To keep the design consistent, the layout of the new garden also uses garden rooms. However, the divisions are very simple – the long rectangular space is divided into 3, square-ish rooms. Straightforward paths take you around each room, and a central opening is used to transition between spaces. I've recently read criticism about gardens designed as rooms, because the constant shifts don't allow for a single experience, a feeling to develop. I’m in the same camp, but I think it works here because the rooms don’t actually offer completely different experiences, just sequential illustrations of the same theme. The divisions could easily be taken down and a cohesive whole would result. Also, the ‘room’ concept was used here to link with the design of the older garden, and works well to achieve a unified overall picture.

Lastly, we come to the actual content of the new garden, the best part. We visited on a rainy, gray morning in July. Water seemed to be everywhere – in the heavy, grey clouds above, trickling down our rain jackets, and glistening on every plant and path. Given the watery mood, which is more or less typical of Normandy, the many ponds and fountains in the gardens seemed like a perfect fit. The dark water and wet stone provided the needed contrast to the lush plantings – layers of textures and shades of green sparkling with water beads, and both water and the plant palette seemed to capture the general mood of the place.

Since that blurb was a bit all over the place, I saved the pictures for last to show the journey through the garden as experienced first-hand (captions below the pictures).

The central path where you enter the garden from the parking lot. The tall hedges on either side guard the secrets of the two gardens, new (right) and old (left).

The first space in the new garden is all foliage and structure, soft and strong at the same time. It beckons you downwards and onwards through the gardens.

The transition between the first and second garden room.


Stepping stones across the pond guide you onwards.

From water and lushness, to a more subdued, open lawn.

Labyrinth hedge.

After crossing the central path, you are plunged back into water and impossible lushness.

Phew - overdrive of senses somewhat relieved by more traditional borders and lawn of the old garden.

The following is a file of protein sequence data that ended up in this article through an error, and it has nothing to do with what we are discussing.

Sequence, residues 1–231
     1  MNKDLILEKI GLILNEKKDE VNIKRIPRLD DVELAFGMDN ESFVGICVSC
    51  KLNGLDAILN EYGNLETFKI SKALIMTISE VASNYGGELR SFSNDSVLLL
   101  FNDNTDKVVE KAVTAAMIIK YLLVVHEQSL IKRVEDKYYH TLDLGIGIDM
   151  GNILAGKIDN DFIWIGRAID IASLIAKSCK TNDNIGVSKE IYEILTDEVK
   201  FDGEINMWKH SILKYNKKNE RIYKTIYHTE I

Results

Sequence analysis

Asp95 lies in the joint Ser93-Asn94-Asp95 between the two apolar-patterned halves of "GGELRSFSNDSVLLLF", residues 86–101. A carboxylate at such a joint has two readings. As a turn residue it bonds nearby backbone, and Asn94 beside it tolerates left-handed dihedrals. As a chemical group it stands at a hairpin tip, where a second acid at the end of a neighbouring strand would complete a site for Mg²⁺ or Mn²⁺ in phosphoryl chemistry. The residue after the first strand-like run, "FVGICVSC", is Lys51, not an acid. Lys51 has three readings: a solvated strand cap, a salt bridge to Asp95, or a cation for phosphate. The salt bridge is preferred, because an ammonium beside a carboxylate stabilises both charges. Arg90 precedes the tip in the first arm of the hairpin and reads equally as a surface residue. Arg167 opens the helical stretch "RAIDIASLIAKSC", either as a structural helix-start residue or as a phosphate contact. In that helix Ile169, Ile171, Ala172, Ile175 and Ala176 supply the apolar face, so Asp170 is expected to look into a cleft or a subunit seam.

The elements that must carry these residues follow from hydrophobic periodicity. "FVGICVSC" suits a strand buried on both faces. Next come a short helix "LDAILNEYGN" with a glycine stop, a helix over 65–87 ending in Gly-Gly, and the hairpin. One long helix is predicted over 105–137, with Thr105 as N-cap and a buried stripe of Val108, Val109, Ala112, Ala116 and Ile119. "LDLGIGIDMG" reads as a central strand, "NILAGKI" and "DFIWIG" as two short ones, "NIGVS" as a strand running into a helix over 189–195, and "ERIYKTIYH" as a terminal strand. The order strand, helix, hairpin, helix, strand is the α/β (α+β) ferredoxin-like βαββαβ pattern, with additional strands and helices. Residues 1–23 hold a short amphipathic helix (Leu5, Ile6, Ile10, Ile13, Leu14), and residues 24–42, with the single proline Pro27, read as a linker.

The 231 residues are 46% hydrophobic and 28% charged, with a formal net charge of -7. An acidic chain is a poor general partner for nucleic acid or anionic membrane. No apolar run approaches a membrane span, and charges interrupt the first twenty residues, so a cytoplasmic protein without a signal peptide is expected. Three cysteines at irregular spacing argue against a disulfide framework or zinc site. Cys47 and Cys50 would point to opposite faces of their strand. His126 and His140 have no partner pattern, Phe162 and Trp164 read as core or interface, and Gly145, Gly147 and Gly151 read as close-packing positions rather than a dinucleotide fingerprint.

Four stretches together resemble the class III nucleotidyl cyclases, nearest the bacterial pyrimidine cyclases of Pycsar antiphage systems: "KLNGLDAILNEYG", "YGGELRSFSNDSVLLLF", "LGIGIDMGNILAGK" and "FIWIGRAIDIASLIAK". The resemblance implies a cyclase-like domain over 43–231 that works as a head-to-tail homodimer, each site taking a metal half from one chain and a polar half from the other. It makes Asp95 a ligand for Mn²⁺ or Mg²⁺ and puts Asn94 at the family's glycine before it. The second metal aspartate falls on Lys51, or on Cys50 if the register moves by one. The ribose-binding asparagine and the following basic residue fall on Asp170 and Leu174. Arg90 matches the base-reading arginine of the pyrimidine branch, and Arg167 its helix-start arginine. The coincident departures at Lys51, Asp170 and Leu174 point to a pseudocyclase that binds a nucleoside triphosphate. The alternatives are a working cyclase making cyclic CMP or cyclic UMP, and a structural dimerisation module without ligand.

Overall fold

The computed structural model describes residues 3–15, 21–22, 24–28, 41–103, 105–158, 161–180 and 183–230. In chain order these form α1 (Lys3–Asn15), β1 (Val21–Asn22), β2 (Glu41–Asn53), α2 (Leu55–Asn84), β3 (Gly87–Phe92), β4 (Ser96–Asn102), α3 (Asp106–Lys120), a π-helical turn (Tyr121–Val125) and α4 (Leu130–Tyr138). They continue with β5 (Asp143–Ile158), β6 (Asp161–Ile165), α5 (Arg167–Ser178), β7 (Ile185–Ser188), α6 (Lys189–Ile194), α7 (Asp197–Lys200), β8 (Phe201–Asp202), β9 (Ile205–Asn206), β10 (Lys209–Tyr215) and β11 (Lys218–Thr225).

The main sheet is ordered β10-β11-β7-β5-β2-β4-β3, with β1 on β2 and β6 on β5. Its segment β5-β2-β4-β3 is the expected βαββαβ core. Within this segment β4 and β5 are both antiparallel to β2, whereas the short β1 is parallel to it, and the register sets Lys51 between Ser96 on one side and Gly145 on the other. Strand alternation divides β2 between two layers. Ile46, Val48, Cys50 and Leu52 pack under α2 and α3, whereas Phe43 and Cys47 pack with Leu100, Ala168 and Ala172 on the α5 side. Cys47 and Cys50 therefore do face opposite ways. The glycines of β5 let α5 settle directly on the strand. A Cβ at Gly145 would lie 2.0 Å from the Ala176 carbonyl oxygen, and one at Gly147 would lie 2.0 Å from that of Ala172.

Castillon is a garden I keep thinking about, images of it popping up in my head randomly when I’m daydreaming.

Sunday, January 9, 2011

Come and gone

Only a few weeks ago, I was anticipating the arrival of a harsh winter in Belgium based on the unlikely discovery of a few speckles of snow in early December. We didn’t have to wait long because only a few days after that post, it started snowing... to the tune of Belgian’s harshest winter since 1946. But almost as suddenly as it came, Belgian's big winter has vanished. We came back on Thursday from holidays in Canada to discover that the almost 2 feet of snow which we left behind has dissolved into puddles and muddy fields, and temperatures are now at a balmy 10C.

Winter may have been short, but it was beautiful. Here are a few pictures of the magical winter landscape not often seen in Belgium, taken on December 18th. The snow had that perfect quality which makes it stick to every surface. It’s amazing how much we can overlook when admiring nature and our gardens – only with snow highlighting every twig, can one fully appreciate the intricate branching structure of trees and the rich woody layers of the forest.

A snowy cover also means that we're irresistibly attracted to any colour not white or brown. Pictures of red berries in winter are so overdone, and yet it's hard not to take (and post) just one more.

Structure and colour - winter is a great reminder of these important elements of landscape.